A few days ago, we were telling you about a potentially groundbreaking study which found a rather surprising correlation between height and cancer incidence. The study made quite a wave within the scientific community and was met with quite mixed opinions. Here are some of those impressions, from leading experts in the field.

Here, we take a deeper look at the “height-cancer” 2015 study.

Prof Mel Greaves, Director of the Centre of Evolution and Cancer, The Institute of Cancer Research, London believed that while the study has to be taken seriously, it’s a bit worrying that it still hasn’t went through peer review.

“It is difficult to assess the strength of this new study because there is no paper available and nothing has yet been through peer review or published. But there are reasons for taking seriously the reported findings. This observation has been made before in previous studies, and we already knew that breast and prostate cancers can be associated with height. What would be a biologically plausible reason for this association? It could be to do with growth hormone, and the suggestion for this is two-fold.

“Firstly, a previous study has reported that people who have genetic dwarfism appear to have very little cancer (even in an age-matched study, so not because of reduced life expectancy). People with genetic dwarfism have a mutation in their growth hormone receptor, and we know that growth hormone and growth hormone receptor are critical to tumour growth too.

“Secondly, we know from experiments in mice that if they are engineered to make excess or very little growth hormone then their cancer rates escalate or decrease correspondingly (along with their size). We know that in humans growth hormone not only stimulates bone growth during our growing years, but stimulates cell growth in general and blocks cell death. So the level of growth hormone someone has could affect cancer risk by pushing up cell numbers.

“Of course for cancers like breast and skin cancer there are factors that have a much greater effect on risk, like family history, reproductive patterns and obesity, so tall people shouldn’t worry that they are destined to get cancer. I’ll be interested to see the results of the present study once it has been written up in more detail and been through the peer review process, and in order to say how confident we can be in its findings we’d need to know whether these other factors that also influence cancer incidence were measured and controlled for.”

Professor David Coggon, Professor of Occupational and Environmental Medicine, University of Southampton, was even more blunt, dismissing the study as not contributing anything useful.

“It is unclear from the information provided (the abstract) whether the associations with height were adjusted for other known causes of the cancers examined, such as reproductive history (breast cancer) and sun exposure (melanoma). Even if we knew that the study was robust and had controlled for all relevant confounding factors, the finding is such a non-specific observation that I cannot see it contributing usefully towards prevention of cancer.”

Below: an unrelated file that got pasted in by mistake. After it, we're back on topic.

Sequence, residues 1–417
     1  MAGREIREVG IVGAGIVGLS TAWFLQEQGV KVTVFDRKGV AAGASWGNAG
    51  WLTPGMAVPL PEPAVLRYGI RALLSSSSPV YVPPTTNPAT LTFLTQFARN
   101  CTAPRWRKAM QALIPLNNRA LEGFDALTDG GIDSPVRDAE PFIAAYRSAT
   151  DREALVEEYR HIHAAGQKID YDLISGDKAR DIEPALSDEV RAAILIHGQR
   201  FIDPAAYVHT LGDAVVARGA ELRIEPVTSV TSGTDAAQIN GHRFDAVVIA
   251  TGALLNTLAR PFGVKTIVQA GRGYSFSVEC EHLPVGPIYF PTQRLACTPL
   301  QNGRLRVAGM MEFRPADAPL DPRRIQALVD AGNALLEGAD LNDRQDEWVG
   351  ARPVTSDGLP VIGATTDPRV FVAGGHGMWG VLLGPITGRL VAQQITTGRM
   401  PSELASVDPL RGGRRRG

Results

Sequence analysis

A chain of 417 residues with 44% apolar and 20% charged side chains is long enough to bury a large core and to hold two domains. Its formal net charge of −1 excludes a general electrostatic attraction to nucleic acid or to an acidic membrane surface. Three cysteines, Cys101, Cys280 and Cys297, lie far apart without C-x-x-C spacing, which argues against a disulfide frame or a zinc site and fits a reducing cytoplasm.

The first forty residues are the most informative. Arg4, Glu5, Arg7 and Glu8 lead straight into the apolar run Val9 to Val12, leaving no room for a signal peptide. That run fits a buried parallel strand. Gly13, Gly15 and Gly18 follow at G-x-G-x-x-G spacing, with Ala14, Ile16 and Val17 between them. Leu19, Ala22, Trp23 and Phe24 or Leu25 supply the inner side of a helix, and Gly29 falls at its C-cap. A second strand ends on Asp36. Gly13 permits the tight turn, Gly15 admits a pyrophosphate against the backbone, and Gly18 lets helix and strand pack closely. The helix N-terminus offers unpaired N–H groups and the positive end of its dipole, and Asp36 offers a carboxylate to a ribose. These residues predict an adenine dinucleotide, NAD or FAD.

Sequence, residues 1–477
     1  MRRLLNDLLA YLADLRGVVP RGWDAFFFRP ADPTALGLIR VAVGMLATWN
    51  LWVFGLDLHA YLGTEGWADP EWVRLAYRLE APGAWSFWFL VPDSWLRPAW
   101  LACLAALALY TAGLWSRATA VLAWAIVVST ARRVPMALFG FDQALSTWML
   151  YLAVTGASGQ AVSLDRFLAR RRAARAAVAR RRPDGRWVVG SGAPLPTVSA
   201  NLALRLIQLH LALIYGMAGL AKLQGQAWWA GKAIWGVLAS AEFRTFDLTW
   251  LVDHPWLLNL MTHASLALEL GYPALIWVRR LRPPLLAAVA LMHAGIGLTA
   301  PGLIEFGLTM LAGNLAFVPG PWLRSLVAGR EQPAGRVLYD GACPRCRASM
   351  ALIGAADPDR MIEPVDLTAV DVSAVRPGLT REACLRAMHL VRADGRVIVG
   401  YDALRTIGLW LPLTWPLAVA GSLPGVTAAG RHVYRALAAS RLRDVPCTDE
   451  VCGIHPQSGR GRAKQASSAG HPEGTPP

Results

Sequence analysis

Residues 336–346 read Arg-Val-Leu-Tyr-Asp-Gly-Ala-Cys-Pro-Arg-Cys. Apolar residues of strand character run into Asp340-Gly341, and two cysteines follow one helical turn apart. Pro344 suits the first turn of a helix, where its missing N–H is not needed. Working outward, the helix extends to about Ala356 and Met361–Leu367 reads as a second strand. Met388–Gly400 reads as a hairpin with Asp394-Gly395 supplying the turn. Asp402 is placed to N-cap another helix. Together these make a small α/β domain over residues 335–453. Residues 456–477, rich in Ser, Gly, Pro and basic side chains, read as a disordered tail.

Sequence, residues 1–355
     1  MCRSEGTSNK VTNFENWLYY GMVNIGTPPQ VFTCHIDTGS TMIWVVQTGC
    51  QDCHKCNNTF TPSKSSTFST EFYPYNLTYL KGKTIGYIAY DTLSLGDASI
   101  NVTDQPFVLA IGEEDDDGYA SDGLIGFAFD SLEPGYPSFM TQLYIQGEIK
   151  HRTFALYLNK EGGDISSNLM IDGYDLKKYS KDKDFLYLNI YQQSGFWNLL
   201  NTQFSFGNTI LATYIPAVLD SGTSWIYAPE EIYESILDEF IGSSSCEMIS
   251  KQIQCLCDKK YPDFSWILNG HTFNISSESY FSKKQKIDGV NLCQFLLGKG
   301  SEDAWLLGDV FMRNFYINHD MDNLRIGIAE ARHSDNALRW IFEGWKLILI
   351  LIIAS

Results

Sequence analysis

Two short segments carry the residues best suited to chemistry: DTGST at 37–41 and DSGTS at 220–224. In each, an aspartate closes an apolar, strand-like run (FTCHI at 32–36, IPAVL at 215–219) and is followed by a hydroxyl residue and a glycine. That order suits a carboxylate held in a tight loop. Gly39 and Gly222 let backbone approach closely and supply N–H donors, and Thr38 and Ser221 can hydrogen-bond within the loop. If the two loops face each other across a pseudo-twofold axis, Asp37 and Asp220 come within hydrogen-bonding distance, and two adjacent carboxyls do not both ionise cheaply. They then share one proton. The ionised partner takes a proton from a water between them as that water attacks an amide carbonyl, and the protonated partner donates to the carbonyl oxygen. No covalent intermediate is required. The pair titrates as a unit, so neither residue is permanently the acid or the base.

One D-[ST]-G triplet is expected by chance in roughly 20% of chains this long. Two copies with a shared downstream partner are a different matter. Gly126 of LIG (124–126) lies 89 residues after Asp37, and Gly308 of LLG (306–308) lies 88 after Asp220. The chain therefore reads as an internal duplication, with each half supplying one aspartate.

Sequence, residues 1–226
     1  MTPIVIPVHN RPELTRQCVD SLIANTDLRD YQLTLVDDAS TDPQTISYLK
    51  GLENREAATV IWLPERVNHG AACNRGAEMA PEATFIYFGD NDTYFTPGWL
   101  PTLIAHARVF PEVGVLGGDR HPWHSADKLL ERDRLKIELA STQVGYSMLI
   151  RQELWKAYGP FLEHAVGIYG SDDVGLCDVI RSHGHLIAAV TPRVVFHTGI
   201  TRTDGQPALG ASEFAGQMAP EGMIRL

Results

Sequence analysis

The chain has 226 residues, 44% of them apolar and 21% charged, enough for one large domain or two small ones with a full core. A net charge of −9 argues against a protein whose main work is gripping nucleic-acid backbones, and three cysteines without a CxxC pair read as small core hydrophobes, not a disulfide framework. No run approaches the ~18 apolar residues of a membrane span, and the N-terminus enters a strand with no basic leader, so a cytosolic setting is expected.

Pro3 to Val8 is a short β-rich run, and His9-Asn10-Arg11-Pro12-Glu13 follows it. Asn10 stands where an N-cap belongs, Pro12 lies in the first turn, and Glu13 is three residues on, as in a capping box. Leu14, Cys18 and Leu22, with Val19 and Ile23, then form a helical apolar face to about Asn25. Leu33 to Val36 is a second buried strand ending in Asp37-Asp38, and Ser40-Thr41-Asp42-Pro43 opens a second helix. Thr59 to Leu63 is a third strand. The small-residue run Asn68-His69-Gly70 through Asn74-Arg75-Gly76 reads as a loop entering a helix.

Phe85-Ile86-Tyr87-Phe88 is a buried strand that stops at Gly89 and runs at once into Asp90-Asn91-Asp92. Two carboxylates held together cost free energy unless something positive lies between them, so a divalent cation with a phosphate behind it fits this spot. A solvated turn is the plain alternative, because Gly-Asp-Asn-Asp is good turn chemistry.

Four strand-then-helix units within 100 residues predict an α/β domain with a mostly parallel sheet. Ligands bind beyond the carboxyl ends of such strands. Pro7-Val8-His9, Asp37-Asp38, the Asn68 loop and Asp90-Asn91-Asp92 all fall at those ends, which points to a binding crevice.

So for a study that made news everywhere and that was praised by many science outlets (ourselves included), it made quite a small impression within the scientific community. Furthermore… i’s not even entirely news. Eve Roman, Director of the Epidemiology and Cancer Statistics Group, Department of Health Sciences, University of York, said:

“The association between height and cancer incidence is old news and has been shown in previous studies – in this context the title of the press release, ‘Large-scale Swedish study discovers link between height and cancer’, is inaccurate in my opinion. Although it seems from the information available that the study is likely to be robust and has been done well, as far as I can see this study contributes little that is new.”

That feeling was echoed by Jack Cuzick, Director of the Wolfson Institute of Preventive Medicine and Head of Centre for Cancer Prevention, QMUL, said:

“The association between height and cancer has been known for some time; many cancers are increased in incidence in tall people. This study should add important further confirmation in a population based setting. The mechanisms for this effect are not clear and are worth further study. They may relate to the fact that the growth hormones related to height also are in some way stimulating cancer cells, but details are lacking.”

So, the take-away is as follows: we sometimes get overly excited and may tend to exaggerate some of the finds. While there most certainly is a correlation between height and cancer incidence, it’s not exactly news. While this study did surprise some characteristics of this connection, we still need to see a peer reviewed paper before it’s clear what the exact merits of the study are.

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